Navigating the Sierra Nevada Cloudlands

Whenever I get the opportunity to head to the mountains my eyes always turn skyward and marvel at the interplay of clouds and peaks. Like the moai on Easter Island searching for whatever it is they’re looking for just over the horizon, I trace the moisture as it’s thrust upward and wrung from the atmosphere by the hulking granite of the Sierra Nevada in cathedrals clouds of billowy cumulus. I stare in awe. Sure I probably look like an idiot with my eyes glazed and unblinking standing around looking at the hills, but I really don’t care how I look. I can watch this show for hours. I’m positive the moai feel the same way.

Which is exactly what I did last week during a ride up and over Tioga Pass into Yosemite Park and back: I watched the show. It was a glorious spring day for a ride with crisp air to breathe, cool water to filter from the streams and a show overhead on the great whirling diamond of the sky. In addition I also had the good timing to ride a couple of days before a late season dump of 12-18″ of snow closed the pass too. Although I’ve never won anything in the lottery I guess I’m a lucky guy. Just for fun, on the way up through the Eastern Sierra I also dropped in on the Alabama Hills for a fat bike excursion through the Mars-scape that exists out in the shadow of Mt Whitney. It felt good to pedal through the sand.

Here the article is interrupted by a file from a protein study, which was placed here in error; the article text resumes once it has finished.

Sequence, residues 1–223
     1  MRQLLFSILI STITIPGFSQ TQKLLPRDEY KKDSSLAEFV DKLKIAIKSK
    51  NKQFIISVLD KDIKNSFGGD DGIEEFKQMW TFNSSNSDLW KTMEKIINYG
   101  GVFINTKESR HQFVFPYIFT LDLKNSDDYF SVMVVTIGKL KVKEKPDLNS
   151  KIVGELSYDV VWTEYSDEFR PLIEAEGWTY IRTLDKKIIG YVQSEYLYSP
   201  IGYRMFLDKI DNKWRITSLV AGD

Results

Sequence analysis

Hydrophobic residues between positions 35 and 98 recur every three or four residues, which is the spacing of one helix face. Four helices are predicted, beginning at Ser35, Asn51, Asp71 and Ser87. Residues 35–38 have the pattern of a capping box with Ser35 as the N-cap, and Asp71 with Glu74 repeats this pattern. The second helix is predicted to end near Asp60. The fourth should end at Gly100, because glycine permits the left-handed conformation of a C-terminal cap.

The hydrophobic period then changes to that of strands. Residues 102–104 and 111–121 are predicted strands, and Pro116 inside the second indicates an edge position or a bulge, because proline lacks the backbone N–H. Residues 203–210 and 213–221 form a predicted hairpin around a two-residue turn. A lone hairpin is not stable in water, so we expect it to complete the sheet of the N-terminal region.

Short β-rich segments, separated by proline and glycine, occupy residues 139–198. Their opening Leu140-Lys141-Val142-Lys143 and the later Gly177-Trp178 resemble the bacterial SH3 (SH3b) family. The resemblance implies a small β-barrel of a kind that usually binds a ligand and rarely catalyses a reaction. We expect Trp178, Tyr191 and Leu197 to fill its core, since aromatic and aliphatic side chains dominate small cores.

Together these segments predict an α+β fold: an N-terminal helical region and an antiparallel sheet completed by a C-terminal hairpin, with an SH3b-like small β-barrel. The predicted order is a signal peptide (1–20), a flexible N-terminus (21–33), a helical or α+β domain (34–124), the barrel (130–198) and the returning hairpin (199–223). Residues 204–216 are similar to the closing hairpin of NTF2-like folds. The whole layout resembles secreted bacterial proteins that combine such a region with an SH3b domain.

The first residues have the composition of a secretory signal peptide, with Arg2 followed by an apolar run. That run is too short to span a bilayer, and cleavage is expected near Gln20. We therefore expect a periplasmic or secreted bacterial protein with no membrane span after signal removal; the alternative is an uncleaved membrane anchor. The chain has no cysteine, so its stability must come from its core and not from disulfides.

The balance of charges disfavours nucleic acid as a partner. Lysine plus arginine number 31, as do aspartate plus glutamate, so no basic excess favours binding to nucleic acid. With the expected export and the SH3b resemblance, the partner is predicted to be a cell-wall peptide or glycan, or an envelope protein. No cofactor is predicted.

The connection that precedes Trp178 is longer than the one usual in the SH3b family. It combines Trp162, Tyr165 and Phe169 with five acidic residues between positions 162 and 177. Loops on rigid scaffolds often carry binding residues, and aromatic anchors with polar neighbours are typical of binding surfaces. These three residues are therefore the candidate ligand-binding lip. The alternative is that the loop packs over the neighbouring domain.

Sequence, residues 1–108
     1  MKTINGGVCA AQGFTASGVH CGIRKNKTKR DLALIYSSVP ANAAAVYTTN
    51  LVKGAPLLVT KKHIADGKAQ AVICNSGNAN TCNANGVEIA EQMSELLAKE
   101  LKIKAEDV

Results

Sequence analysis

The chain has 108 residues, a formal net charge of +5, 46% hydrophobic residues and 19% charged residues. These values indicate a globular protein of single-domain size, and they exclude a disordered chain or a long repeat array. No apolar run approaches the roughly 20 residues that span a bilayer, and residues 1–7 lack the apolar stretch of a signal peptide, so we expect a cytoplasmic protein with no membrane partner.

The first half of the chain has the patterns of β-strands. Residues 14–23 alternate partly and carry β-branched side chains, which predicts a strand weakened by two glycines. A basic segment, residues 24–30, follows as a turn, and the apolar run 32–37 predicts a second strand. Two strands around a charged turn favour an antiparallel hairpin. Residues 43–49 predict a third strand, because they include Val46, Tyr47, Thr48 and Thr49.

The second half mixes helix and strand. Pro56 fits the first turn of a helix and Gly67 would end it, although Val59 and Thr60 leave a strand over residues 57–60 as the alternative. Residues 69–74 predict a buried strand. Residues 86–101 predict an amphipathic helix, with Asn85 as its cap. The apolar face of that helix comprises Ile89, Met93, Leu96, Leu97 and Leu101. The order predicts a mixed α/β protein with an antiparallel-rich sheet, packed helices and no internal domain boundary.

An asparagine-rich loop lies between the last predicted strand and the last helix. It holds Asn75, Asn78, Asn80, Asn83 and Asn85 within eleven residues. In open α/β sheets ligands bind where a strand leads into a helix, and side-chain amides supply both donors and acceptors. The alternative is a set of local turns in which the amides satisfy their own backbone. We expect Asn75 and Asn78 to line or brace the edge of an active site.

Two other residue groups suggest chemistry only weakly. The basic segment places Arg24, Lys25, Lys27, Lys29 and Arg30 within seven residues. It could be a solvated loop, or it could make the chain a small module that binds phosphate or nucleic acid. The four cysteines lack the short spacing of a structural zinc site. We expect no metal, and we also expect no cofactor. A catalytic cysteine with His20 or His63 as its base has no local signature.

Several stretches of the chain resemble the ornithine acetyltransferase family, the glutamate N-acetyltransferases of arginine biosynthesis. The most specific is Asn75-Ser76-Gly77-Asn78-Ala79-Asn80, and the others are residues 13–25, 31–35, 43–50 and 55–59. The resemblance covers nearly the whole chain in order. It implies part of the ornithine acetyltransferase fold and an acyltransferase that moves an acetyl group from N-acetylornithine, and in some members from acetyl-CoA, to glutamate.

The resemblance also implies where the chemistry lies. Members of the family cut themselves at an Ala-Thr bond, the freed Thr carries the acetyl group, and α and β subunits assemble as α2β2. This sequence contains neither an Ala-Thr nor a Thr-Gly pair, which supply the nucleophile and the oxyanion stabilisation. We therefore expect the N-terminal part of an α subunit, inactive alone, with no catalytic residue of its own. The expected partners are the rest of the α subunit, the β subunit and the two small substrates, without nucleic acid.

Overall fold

Two great rides navigating the cloudlands through miles of silent thought while riding some of the most inspiring landscapes in North America. Not too shabby for a guy that just finished his hip physical therapy and is starting to get back into shape.

Of course John Muir had already beat me to the cloud observations, it seems that guy thought of everything (something tells me he didn’t waste much time watching TV):

“Another midday cloudland, displaying power and beauty that one never wearies in beholding, but hopelessly unsketchable and untellable. What can poor mortals say about clouds? While a description of their huge glowing domes and ridges, shadowy gulfs and canons, and featheredged ravines is being tried, they vanish, leaving no visible ruins. Nevertheless, these fleeting sky mountains are as substantial and significant as the more lasting upheavals of granite beneath them. Both alike are built up and die…”

The next post will be about rocks. Wow, rocks and clouds – what an interesting blog huh?

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